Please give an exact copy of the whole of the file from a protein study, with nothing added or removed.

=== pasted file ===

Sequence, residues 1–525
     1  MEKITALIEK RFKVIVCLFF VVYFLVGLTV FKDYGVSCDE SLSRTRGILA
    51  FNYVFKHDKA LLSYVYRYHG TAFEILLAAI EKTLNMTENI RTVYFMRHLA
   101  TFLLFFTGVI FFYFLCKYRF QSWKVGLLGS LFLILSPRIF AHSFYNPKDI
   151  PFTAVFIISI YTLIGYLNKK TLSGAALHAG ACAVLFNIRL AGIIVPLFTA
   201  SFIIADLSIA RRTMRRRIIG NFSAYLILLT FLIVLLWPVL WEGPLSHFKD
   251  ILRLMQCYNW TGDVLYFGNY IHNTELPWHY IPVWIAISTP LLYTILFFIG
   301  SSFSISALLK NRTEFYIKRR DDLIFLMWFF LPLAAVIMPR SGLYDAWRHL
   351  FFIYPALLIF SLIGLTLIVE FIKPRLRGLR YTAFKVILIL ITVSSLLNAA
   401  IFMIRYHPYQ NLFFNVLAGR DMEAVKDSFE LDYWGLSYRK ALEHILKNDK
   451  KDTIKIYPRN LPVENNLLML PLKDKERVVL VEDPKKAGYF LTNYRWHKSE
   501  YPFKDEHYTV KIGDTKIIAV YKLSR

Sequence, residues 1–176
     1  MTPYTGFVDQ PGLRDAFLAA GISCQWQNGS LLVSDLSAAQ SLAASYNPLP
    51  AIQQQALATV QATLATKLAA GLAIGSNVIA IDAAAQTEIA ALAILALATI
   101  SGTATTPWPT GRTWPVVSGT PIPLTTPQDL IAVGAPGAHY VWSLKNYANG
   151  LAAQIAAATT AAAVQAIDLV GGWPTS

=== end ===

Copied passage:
Sequence, residues 1–525
     1  MEKITALIEK RFKVIVCLFF VVYFLVGLTV FKDYGVSCDE SLSRTRGILA
    51  FNYVFKHDKA LLSYVYRYHG TAFEILLAAI EKTLNMTENI RTVYFMRHLA
   101  TFLLFFTGVI FFYFLCKYRF QSWKVGLLGS LFLILSPRIF AHSFYNPKDI
   151  PFTAVFIISI YTLIGYLNKK TLSGAALHAG ACAVLFNIRL AGIIVPLFTA
   201  SFIIADLSIA RRTMRRRIIG NFSAYLILLT FLIVLLWPVL WEGPLSHFKD
   251  ILRLMQCYNW TGDVLYFGNY IHNTELPWHY IPVWIAISTP LLYTILFFIG
   301  SSFSISALLK NRTEFYIKRR DDLIFLMWFF LPLAAVIMPR SGLYDAWRHL
   351  FFIYPALLIF SLIGLTLIVE FIKPRLRGLR YTAFKVILIL ITVSSLLNAA
   401  IFMIRYHPYQ NLFFNVLAGR DMEAVKDSFE LDYWGLSYRK ALEHILKNDK
   451  KDTIKIYPRN LPVENNLLML PLKDKERVVL VEDPKKAGYF LTNYRWHKSE
   501  YPFKDEHYTV KIGDTKIIAV YKLSR

Sequence, residues 1–176
     1  MTPYTGFVDQ PGLRDAFLAA GISCQWQNGS LLVSDLSAAQ SLAASYNPLP
    51  AIQQQALATV QATLATKLAA GLAIGSNVIA IDAAAQTEIA ALAILALATI
   101  SGTATTPWPT GRTWPVVSGT PIPLTTPQDL IAVGAPGAHY VWSLKNYANG
   151  LAAQIAAATT AAAVQAIDLV GGWPTS